There are a variety of issues here.
The right quality bar can replace almost any forging, how high a quality bar
you need depends on the application.
I will address one issue that is sometimes overlooked. The properties of a
heat treated bar are usually measured near the surface, so even if the alloy
has sufficient ruling section to obtain the desired mechanical properties at
the starting size for machining, the properties in the central part of the
bar may be much lower. The ends of the rotor, with bearing journals drive
couplings etc, are probably made from this material. This can be overcome by
heat treating the bar at the proof machined stage but this often increases
Could the bar stock end up more expensive
than the equivalent number of forgings?
I got a quote for forgings 7 times higher than
the equivalent amount of bar.
Forgings have the advantage of reducing the
overall amount of metal that is removed /
wasted but that might not be an issue for
small rotor disks.
Sounds ok because heat and rotational stress
increase in the radial direction.
I'm guessing by central you mean radial (r=0),
not axial (l=L/2)
I'm guessing this means the harder outer case
of the bar has been removed by, say, turning in
a lathe exposing the softer inner metal.
Might not be necessary. Aren't bearings
mounted on Al and titanium shafts?
Depends on what you need in bar properties. Probably not if the application
Yes, bar is generally heat treated in long lengths and then cut to length
The last failed high speed (20,000rpm) rotor I looked at, had a bent central
spindle. This central spindle was part of the same forging.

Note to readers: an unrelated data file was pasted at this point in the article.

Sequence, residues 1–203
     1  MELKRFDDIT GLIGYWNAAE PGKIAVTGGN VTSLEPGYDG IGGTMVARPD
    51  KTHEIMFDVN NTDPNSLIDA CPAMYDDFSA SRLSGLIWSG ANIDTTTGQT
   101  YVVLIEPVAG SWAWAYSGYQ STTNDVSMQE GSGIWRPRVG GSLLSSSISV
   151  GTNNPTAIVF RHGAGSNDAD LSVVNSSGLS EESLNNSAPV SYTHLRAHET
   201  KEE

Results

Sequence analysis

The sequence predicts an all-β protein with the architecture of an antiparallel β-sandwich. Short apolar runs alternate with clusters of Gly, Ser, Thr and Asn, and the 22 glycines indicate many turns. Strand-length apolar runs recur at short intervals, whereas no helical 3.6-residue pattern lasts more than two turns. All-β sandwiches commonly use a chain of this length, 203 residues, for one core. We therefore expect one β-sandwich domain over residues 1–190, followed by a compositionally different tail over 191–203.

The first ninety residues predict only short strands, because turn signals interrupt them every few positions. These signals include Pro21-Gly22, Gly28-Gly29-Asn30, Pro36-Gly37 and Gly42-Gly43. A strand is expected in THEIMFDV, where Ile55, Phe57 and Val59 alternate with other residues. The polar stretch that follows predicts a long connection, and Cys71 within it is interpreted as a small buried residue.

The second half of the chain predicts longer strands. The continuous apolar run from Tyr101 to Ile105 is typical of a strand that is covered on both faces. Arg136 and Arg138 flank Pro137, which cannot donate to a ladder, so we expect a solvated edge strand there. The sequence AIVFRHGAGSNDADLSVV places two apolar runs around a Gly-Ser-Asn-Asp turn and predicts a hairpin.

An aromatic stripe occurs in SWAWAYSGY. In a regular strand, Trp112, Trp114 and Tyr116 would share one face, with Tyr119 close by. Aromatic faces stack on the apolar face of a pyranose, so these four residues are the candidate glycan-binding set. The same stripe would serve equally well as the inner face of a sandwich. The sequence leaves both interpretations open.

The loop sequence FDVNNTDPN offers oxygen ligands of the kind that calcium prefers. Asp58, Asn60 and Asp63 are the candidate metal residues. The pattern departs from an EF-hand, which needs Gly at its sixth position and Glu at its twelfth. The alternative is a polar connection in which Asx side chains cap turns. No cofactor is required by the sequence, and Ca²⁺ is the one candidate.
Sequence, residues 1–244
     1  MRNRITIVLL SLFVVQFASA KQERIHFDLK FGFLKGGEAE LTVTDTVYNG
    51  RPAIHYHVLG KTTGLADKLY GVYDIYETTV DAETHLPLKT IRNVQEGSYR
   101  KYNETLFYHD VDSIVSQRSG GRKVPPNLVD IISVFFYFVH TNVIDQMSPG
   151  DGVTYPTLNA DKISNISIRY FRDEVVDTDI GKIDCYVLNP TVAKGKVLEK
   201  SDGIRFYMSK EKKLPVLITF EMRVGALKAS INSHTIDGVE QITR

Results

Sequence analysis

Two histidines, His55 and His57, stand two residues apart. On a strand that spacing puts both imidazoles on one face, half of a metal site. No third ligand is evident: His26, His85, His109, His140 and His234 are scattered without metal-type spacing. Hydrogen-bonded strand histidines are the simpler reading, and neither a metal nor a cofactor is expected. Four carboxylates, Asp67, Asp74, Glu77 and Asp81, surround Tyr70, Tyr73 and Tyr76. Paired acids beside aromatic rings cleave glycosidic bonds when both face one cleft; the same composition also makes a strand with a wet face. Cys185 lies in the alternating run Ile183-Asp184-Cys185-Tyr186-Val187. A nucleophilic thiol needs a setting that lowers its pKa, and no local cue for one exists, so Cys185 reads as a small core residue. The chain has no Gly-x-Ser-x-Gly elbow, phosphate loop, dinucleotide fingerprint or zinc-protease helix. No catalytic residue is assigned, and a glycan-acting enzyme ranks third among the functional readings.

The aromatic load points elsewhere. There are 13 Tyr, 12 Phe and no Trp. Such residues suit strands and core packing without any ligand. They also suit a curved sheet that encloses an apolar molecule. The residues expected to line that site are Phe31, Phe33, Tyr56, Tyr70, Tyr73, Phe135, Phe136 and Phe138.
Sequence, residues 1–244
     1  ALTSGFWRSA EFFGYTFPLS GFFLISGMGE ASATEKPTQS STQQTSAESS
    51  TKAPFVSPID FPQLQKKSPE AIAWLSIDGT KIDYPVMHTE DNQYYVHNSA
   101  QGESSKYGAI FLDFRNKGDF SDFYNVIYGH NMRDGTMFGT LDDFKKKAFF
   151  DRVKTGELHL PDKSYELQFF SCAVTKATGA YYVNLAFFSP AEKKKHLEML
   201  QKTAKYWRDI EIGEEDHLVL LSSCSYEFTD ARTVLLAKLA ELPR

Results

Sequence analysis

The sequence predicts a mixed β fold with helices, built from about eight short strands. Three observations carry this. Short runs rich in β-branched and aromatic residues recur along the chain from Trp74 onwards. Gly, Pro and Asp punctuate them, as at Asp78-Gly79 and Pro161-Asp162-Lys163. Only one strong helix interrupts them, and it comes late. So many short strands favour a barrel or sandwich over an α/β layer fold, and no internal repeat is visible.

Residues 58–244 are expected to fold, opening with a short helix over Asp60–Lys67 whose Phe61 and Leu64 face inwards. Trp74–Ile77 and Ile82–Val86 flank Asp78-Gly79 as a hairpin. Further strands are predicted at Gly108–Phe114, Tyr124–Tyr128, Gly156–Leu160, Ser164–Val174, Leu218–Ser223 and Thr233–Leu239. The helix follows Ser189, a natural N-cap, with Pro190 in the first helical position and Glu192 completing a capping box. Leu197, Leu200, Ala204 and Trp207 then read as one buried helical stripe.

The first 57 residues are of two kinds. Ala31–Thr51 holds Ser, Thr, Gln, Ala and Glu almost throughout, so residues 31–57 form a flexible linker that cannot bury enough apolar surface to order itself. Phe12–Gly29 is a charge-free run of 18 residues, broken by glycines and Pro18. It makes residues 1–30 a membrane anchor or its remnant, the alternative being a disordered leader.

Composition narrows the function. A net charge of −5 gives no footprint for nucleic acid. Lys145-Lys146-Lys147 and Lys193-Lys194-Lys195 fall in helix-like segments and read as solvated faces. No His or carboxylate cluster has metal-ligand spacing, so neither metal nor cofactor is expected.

Would it have been appropriate to make the replacement part from a bar where
the centre is half the expected strength, I doubt it.
If you are making parts from drawings, you have to allow for engineering
design assessment (management of change) costs in any changes you make. High
speed usually makes a mess when things fail.
There are other potential issues e.g. radial strength, fatigue etc these
depend on design and answers are specific to the design. I would guess that,
for small production runs (replacement parts), 60-90 % of forgings can
economically be replaced by machined bar / profiled plate parts.
Be very sure the bar stock has the strength and all the other properties
that the forgings have if the part is in a place that can cause a serious
problem when it fails. The bean counter that fails to understand the
engineering of the part they are replacing can be held liable for the damage
caused when the parts fail. Sometimes the chance seems safe in every way yet
is sure to fail. If possible get the engineer that designed the part in the
first place to look at the problem if not get a quailed person to evaluate
You don't want to be immortalized in history for causing a failure that
costs someone their life for a few dollars savings. There was a reason it
uses a forging find out why.
I'ld like to drive gas turbines down to the $20 -
$50/kW range, maybe even install them in
hybrids as a small, light weight, temporary
power engine. If it is only used 5% of the time
-- hauling the boat down to the dock -- who
cares if is only 15% efficient?
For general aviation the engine might be more
reliable and cost a little more, maybe $80/kW.
Flying through hubs wastes time and money
and fuel, not to mention those body cavity
searches. It's better to just know all 8 people
on your plane.
But right now I'm just trying to get an idea of
the costs involved.
Some guy at DOE said it would cost 10 billion
to start a gas turbine company. This is nuts.
The wars of the 20th Century caused gas turbines to be developed with unlimited
As a result the GT is vastly overpriced.
Frank Whittle was the genius of British technology who ran the group
that developed the Gas Turbine engine for aircraft prior to and during WWII.
As part of the trading of Wartime Secrets, the British donated their
Radar and Gas Turbine work to the USA in exchange for some form of
cooperation in the Atomic Weapons development.
There is some real fascinating technical history involved, if you
respect technological history, that is.
Some guy at NASA said 60% of the billions in
R & D costs of gas turbines was in materials
It may be possible to prove beyond any doubt
that film cooling will always be necessary for a
high efficiency engine.
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